With the advent of BWAPI, many AI enthusiasts have been making amazing AIs that can compete against top players in Starcraft. This led me to wonder if RTS (Real-Time Strategy) games can ever be solved theoretically.

One of my colleague argues no, because RTS games are non-deterministic and stochastic. What does this mean exactly? For instance, in Starcraft you have a set of defined and limited moves (I.E: Units, buildings, economy) you can make in the game, so I don't see what can be so stochastic about the game.

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    $\begingroup$ The word you are looking for is "winning strategy", rather than "solution", I think. The game is not stochastic (maybe a little bit?). It is a game of several players, without perfect information. It is very unlikely that there is a winning strategy for it. Though I don't know if that can be proved or disproved. $\endgroup$ Jan 14 '13 at 14:56
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    $\begingroup$ The idea isn't new and you can find some papers on Google $\endgroup$
    – Vor
    Jan 14 '13 at 15:23
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    $\begingroup$ For any kind of proof, you need a formal model. Do you have one for Brood War? As it stands, the question is open-ended and asks for guesswork: how can anybody know whether any RTS game can be algorithmically won at any future point in time? (The concept of building "intelligent" bots for SC is exciting, though.) $\endgroup$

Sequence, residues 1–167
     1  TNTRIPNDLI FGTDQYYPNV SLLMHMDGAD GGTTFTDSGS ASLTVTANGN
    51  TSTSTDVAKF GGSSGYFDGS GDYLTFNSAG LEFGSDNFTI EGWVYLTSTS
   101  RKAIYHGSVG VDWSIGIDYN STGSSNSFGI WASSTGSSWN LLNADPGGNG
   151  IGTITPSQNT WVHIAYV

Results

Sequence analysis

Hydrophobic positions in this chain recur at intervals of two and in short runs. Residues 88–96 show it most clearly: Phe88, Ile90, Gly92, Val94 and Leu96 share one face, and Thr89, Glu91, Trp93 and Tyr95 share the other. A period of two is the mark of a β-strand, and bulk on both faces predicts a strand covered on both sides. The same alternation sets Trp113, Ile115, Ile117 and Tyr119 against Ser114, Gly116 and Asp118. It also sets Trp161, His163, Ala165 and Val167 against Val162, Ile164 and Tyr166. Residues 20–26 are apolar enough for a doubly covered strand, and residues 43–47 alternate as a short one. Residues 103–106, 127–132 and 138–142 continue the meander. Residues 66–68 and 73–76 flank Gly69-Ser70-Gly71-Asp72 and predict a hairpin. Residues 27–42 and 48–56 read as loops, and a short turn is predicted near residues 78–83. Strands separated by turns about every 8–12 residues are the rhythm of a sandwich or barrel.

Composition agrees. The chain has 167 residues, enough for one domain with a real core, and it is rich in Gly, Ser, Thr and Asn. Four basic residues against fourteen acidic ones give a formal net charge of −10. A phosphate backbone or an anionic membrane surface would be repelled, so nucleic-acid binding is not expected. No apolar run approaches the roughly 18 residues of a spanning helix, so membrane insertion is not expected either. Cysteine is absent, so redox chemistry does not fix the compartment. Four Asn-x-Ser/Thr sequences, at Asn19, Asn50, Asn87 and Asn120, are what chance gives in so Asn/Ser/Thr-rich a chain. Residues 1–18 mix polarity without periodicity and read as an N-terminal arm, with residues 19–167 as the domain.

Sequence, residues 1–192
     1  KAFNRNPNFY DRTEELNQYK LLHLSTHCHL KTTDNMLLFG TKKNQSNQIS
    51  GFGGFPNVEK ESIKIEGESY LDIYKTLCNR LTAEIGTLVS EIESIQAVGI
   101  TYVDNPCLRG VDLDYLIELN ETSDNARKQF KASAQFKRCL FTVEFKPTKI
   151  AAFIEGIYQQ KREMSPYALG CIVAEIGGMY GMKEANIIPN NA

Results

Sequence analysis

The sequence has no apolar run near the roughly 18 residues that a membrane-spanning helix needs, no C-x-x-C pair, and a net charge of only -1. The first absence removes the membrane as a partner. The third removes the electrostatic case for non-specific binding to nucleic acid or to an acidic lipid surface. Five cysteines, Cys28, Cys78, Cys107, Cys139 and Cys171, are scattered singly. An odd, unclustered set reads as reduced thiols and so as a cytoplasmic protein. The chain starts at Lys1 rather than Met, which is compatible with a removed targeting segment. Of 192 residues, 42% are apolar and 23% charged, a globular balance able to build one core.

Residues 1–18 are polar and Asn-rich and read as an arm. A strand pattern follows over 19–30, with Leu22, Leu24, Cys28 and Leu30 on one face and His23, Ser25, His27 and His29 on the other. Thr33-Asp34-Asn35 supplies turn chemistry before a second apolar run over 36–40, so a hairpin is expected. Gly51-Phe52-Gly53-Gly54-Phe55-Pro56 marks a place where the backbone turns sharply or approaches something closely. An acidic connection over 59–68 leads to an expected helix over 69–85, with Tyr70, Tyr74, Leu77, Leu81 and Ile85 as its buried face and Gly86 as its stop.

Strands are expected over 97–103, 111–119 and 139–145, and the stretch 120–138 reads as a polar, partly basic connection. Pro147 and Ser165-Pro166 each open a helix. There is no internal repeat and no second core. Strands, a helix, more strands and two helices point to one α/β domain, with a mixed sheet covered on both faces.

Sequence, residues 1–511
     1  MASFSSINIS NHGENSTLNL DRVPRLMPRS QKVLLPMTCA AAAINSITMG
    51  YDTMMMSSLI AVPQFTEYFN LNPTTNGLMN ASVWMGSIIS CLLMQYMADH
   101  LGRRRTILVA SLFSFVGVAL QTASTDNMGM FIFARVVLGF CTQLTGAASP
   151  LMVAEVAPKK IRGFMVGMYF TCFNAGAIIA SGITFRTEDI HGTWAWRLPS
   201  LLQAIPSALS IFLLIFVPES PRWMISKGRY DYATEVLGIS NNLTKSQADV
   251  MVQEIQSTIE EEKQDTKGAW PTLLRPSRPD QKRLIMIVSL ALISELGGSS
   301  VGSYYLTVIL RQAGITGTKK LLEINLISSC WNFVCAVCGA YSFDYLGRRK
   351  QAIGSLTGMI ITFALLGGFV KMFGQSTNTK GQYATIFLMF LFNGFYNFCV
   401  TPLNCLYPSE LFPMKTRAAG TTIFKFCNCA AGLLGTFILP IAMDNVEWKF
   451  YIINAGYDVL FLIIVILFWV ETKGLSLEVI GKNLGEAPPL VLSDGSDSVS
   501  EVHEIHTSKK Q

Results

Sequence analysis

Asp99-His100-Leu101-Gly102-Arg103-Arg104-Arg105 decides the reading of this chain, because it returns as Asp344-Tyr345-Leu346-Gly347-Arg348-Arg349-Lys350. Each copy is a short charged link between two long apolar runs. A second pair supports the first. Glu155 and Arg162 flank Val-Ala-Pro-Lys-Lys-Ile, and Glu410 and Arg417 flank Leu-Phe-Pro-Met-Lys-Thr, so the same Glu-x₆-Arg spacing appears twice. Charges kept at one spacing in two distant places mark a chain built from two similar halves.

– Raphael
    Jan 14 '13 at 19:15
  • $\begingroup$ What does this mean exactly? Maybe the best person to ask is your colleague? It is unclear what the sources of non-determinism are in Starcraft. Also, what do you mean by "solved theoretically"? $\endgroup$
    – mhum
    Jan 15 '13 at 0:28
  • $\begingroup$ @Raphael As Karolis pointed out, the meaning of "solved game" in this particular context refers to determining a particular winning strategy or a proof that such strategy does not exist. At least that's what I think but I'm all ears for other interpretations. $\endgroup$
    – l46kok
    Jan 15 '13 at 1:17

It looks like there are elements of (pseudo)randomness in StarCraft.

Of course, this does not seem like a major property and you can ask for solving the game without this feature. Then you end up with a very deep game tree that probably does not have any nice mathematical property or symmetry that would help you to effectively handle it. This is where it differs from the trees that arise from mathematical games.

You can use game theory to play StarCraft well (Monte Carlo, maybe?), but unless there is some strong form of rush that would quickly cut complexity of the tree, I am skeptical about solving it.


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